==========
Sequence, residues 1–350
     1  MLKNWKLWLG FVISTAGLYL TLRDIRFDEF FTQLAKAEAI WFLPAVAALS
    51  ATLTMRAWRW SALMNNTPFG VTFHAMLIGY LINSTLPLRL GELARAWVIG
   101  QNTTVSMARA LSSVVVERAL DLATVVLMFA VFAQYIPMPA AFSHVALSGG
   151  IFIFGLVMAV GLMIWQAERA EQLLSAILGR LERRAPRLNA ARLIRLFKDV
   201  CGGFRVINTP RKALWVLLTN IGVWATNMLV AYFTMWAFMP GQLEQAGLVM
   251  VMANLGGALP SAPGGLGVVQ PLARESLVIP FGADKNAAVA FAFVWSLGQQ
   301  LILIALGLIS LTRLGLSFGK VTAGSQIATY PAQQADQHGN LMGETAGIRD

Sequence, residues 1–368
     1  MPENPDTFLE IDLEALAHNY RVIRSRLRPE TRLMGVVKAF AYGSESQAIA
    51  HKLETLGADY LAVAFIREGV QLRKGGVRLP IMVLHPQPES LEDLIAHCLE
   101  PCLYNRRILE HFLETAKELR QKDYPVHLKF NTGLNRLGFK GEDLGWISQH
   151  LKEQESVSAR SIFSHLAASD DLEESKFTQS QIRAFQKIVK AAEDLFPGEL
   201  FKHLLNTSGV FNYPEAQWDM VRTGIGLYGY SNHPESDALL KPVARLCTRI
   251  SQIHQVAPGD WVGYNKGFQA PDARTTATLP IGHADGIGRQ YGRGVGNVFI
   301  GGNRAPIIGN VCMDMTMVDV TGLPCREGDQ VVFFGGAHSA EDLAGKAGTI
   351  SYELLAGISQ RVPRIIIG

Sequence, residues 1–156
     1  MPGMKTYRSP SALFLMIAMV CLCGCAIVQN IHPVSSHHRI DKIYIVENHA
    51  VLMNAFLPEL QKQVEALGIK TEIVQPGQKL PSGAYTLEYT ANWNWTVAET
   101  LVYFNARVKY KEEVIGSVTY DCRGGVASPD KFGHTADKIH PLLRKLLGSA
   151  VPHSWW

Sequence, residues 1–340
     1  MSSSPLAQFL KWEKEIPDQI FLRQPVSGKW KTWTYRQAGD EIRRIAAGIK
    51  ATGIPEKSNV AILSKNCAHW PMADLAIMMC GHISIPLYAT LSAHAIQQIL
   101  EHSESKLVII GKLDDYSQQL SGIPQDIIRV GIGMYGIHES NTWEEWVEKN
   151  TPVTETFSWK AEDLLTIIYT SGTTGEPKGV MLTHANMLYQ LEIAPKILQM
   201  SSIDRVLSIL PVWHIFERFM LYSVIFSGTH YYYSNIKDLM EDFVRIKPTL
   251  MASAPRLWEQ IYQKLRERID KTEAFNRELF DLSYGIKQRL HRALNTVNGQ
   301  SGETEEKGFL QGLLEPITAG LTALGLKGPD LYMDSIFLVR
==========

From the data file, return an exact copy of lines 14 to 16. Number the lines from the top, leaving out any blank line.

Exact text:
   201  FKHLLNTSGV FNYPEAQWDM VRTGIGLYGY SNHPESDALL KPVARLCTRI
   251  SQIHQVAPGD WVGYNKGFQA PDARTTATLP IGHADGIGRQ YGRGVGNVFI
   301  GGNRAPIIGN VCMDMTMVDV TGLPCREGDQ VVFFGGAHSA EDLAGKAGTI